Exercise: How does violence and force come into the story of the conversion of the Germans?  Does this seem similar or different from earlier sources that we have read?



Oct. 13    Christian organization

Oct. 15    Pagan survivals

               Fletcher, pp. 228-284

               Exercise:  No paper this week; review for midterm




Oct. 22    Challenges to Christianity

               Fletcher, pp. 285-316

               Primary sources: 

                       The Pact of Umar

               Exercise:  How do the Muslim laws in the Pact of Umar compare to the Charlemagne's Capitulary? 



Oct. 27    The origins of the Slavs

Oct. 29    The Slavs and the Bulgars

               Fletcher, pp. 327-368

               Primary sources

                       The responses of Pope Nicholas I to the questions of the Bulgars, AD 866, selections

               Exercise:   These particular selections from the responses of Pope Nicholas have been chosen because they concern how new Christians are supposed to adapt pagan practices.  From these selections, what is the attitude of Christians towards pagan practices supposed to be?



Nov. 3    The Vikings

Nov. 5    The conversion of Scandinavia

               Fletcher, pp. 369-416

               Primary sources: 

                       Explore the Jelling website, especially the page about Harald Bluetooth

                       The Heathen Temples of Uppsala, by Adam of Bremen

               Exercise:  Describe what has been found at Jelling, and how it relates to Christianity and paganism in Scandinavia.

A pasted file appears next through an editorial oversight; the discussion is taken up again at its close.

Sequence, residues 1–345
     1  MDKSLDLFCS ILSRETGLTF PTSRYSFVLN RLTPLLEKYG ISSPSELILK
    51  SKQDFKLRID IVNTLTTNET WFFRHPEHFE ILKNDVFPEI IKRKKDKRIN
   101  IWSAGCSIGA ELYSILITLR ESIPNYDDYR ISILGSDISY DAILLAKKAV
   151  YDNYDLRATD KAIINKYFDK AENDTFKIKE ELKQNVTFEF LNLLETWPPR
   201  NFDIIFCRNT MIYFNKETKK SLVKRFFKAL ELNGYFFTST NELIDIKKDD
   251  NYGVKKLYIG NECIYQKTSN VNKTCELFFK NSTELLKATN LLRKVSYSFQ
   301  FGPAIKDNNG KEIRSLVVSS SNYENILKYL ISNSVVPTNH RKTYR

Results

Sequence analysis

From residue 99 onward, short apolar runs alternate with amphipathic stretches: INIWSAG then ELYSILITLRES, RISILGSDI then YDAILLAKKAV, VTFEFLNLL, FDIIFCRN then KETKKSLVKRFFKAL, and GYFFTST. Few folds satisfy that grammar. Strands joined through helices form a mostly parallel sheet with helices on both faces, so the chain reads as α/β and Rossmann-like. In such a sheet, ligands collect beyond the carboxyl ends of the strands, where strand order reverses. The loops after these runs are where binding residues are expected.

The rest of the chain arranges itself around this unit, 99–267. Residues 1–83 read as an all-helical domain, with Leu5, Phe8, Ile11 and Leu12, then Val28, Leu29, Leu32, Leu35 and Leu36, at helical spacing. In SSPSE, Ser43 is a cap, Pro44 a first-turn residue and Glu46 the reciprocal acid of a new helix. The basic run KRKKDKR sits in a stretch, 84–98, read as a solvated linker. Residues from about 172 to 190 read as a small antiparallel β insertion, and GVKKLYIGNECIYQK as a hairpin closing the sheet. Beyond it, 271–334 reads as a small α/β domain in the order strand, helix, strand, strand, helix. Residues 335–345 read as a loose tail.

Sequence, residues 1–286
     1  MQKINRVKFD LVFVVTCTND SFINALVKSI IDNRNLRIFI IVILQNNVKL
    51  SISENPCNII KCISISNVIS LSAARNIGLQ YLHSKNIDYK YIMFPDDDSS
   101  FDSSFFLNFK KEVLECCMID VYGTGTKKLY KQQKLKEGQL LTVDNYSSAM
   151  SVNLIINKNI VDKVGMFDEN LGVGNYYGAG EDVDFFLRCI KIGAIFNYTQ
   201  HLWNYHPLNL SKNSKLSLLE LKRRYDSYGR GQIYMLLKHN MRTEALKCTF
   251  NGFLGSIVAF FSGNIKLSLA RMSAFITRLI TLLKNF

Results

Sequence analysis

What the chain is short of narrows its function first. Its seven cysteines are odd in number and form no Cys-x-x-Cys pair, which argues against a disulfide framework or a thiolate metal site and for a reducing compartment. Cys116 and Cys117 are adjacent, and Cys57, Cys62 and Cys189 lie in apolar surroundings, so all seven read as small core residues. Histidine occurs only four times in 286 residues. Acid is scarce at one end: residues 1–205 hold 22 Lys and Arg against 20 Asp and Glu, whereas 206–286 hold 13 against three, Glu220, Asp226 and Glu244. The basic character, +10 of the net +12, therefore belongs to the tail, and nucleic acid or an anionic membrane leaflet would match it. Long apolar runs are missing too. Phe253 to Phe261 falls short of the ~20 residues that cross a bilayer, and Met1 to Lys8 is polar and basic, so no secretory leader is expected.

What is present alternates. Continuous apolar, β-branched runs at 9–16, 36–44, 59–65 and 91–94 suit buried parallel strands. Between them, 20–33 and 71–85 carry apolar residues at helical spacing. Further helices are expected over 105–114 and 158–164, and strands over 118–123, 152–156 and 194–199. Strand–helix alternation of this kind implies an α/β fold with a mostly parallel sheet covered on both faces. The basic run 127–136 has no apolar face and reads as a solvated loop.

Nov. 10    Russia before conversion

Nov. 12    The conversion of Russia

               Fletcher, pp. 382-86

               Primary sources: 

                       The Christianisation of Russia (988) from the Russian Primary Chronicle

               Exercise:  What elements in this story have we seen before?  What is new?



Nov. 17    Central Europe:  Bohemia and Poland

Nov. 19    Central Europe:  Magyars and Wends

               Fletcher, pp. 417-450

               Primary sources:

                       Selections from The Life of St. Stephen of Hungary

               Exercise:  This is the biography of the first Christian king of Hungary, written 80 years after his death, and after he became a saint.  How do these factors influence the presentation of events in the early years of Stephen's life?



Nov. 24    The Crusades

Nov. 26    NO CLASS - Thanksgiving


               Fletcher, pp. 316-326



Dec. 1    Popular religion

Dec. 3    Church architecture

               Fletcher, pp. 451-482

               Primary sources: 

                       Wulfstan, the so-called "Canons of Edgar" (selections)

               Exercise:  How "Christian" are people in 11th-century England?  Given that Christianity has been established for over 4 centuries, are you surprised by any of the recommendations here?



Dec. 8    The "last pagans"

Dec. 10   Conclusion

               Fletcher, pp. 483-524

               Primary sources: 

                       The Chronicle of Henry of Livonia (selections)

               Exercise:  How are the Livonians and Estonians induced to convert?  What is the motivation of the Christians who are working to convert them (according to the text)?

Final Exam:  5:00-7:00 p.m., Thursday, December 17, in the regular lecture classroom